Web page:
Understanding this is important because precision is important for many types of devices. A camera on a Mars rover may measure spectral properties on the Martian surface, but a scratch on the glass not only could affect the optical properties, but also the mechanical and chemical properties that are important for truly accurate measurements. Or, nano scratches on the glass of a cellphone camera could not just change the transparency, but also could change color codes and result in lower-quality photos, said the team.
“This study is more about understanding what happens to the glass in ways that we’ve never done before, and without understanding, a process or product can be improved by just trial and error,” Kim said. “But a better way of doing it is the knowledge-based development or processing. So, if we cannot understand what kind of defects are made by physical contact, how can we make the glass surface better or more perfect, more durable, mechanically and chemically?”
Armed with this information, Kim believes there is a strong possibility of new advancements in glass science.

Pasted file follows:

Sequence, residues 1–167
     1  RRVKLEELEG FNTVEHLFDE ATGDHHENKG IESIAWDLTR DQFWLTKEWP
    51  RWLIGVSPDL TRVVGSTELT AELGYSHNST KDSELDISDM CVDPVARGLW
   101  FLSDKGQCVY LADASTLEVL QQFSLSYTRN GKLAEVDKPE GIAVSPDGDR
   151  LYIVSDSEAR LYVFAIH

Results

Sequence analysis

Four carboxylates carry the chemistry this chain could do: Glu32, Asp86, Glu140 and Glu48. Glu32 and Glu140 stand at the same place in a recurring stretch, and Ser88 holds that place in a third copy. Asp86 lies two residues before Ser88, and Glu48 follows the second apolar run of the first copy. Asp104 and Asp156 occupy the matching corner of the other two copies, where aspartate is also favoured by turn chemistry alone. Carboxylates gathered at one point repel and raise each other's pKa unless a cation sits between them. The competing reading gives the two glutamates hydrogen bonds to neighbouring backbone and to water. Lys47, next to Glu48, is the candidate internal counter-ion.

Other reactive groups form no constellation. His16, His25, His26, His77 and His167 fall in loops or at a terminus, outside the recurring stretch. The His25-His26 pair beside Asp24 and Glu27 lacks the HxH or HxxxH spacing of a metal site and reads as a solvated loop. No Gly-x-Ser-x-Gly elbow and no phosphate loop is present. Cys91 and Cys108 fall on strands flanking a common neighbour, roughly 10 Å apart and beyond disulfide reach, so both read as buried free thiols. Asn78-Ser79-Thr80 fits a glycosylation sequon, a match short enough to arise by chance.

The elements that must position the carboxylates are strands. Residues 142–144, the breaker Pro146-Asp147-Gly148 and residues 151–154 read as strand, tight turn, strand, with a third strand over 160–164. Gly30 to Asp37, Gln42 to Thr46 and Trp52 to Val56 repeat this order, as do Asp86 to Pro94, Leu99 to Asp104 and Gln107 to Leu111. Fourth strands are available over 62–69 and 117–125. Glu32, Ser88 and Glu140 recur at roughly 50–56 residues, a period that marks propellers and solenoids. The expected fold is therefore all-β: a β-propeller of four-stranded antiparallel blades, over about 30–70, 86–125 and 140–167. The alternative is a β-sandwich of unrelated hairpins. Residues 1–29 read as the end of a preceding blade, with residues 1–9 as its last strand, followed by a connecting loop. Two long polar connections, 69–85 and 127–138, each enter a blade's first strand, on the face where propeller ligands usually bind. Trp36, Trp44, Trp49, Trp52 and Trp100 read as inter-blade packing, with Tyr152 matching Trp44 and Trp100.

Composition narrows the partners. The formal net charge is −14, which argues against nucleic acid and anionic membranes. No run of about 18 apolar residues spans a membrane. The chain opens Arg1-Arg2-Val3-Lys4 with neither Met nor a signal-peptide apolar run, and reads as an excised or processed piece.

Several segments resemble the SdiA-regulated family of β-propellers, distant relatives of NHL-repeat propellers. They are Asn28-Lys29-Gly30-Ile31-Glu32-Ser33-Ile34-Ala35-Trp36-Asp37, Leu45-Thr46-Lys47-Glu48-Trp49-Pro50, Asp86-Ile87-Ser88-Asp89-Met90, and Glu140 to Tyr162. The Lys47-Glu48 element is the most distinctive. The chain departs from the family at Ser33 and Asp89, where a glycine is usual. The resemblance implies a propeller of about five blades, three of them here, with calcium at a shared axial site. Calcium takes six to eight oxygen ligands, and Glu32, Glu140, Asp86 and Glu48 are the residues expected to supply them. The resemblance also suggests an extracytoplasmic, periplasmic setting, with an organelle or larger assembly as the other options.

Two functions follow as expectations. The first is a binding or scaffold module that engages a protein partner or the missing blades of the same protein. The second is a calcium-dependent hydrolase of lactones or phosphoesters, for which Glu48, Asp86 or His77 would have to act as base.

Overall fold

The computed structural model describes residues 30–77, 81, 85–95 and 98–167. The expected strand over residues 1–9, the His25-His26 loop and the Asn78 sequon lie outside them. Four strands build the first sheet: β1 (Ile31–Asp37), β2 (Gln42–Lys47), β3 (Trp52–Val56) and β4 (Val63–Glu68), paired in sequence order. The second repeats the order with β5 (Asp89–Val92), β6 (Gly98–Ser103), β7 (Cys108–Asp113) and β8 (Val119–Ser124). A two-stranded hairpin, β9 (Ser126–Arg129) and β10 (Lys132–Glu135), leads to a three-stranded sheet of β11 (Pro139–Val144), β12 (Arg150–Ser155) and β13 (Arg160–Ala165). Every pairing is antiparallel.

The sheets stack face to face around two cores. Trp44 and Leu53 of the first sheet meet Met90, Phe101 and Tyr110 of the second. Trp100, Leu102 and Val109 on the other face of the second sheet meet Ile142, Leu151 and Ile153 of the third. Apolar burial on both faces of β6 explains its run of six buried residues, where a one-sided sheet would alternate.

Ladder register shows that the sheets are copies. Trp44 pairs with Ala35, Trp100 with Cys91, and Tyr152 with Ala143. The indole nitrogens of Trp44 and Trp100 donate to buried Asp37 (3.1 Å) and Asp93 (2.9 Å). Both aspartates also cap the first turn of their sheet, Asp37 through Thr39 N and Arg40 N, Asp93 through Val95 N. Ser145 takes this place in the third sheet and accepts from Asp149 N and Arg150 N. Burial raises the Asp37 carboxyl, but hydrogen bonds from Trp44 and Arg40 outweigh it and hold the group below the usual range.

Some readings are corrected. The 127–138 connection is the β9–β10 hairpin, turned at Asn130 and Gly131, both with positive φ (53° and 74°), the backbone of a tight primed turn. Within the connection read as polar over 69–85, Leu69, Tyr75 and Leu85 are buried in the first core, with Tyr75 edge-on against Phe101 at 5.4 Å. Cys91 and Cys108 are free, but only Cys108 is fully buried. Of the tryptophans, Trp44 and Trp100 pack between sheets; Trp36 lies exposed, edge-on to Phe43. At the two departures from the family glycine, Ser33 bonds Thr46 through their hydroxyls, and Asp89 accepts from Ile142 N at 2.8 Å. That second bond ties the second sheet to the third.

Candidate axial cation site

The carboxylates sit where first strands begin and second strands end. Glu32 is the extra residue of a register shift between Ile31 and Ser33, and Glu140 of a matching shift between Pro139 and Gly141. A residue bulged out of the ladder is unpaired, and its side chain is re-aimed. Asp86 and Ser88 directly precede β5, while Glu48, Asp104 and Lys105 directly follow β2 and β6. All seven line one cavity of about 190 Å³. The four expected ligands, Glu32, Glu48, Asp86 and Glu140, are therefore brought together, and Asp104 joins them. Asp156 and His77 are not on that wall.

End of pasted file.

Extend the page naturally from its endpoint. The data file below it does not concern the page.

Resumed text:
“By understanding nano surface damage over multicomponent glass materials using the technique like this, we can significantly increase our fundamental understanding of glass science,” Kim said.
Along with Kim and Rotkin, other authors of the study include Zhe Chen, postdoctoral researcher in chemical engineering; Yen-Ting Lin graduate research assistant in chemical engineering; Sueng Ho Hahn, graduate research assistant in mechanical engineering; and Adri van Duin, professor of mechanical and chemical engineering, all of Penn State; Hongtu He (co-lead author who was a visiting scholar in Kim’s group at the time of study) and Jiaxin Yu, of Southwest University of Science and Technology in China; and Tobias D. Gokus of Neaspec GmbH.
The National Science Foundation supported this research.